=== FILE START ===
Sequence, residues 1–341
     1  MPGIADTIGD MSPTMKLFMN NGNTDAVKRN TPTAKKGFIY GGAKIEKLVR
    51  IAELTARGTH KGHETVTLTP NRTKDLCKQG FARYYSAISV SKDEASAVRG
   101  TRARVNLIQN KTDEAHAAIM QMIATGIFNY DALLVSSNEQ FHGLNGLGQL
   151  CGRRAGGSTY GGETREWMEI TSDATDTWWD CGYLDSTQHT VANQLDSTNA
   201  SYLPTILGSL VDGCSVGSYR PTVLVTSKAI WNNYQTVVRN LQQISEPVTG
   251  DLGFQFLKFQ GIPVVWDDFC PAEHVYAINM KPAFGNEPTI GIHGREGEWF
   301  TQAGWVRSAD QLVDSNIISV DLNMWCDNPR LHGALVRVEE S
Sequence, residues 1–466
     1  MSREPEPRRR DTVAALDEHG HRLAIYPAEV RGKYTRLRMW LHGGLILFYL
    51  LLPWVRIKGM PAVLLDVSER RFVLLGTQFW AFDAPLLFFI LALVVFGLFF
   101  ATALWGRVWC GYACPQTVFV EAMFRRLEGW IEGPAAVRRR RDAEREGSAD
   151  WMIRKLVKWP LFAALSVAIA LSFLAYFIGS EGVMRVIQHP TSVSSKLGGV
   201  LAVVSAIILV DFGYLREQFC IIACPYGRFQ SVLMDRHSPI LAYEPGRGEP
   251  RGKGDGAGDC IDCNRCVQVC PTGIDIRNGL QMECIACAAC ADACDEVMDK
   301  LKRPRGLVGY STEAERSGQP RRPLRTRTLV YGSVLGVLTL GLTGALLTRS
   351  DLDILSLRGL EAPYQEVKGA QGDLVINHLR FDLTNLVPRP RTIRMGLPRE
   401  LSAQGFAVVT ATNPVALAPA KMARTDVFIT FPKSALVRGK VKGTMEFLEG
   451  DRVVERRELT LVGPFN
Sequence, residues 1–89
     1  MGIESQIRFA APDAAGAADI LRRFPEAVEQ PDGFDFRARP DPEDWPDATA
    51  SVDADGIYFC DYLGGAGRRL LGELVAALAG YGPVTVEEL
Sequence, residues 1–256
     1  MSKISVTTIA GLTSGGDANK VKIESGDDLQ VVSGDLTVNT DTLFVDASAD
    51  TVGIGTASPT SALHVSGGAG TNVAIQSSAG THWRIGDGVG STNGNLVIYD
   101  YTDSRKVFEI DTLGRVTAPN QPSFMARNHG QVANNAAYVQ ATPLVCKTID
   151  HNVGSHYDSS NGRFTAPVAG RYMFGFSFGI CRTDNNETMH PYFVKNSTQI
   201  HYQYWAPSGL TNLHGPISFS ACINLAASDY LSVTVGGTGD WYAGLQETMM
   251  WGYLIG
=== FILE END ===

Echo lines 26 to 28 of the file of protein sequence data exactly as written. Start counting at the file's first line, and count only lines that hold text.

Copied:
   101  YTDSRKVFEI DTLGRVTAPN QPSFMARNHG QVANNAAYVQ ATPLVCKTID
   151  HNVGSHYDSS NGRFTAPVAG RYMFGFSFGI CRTDNNETMH PYFVKNSTQI
   201  HYQYWAPSGL TNLHGPISFS ACINLAASDY LSVTVGGTGD WYAGLQETMM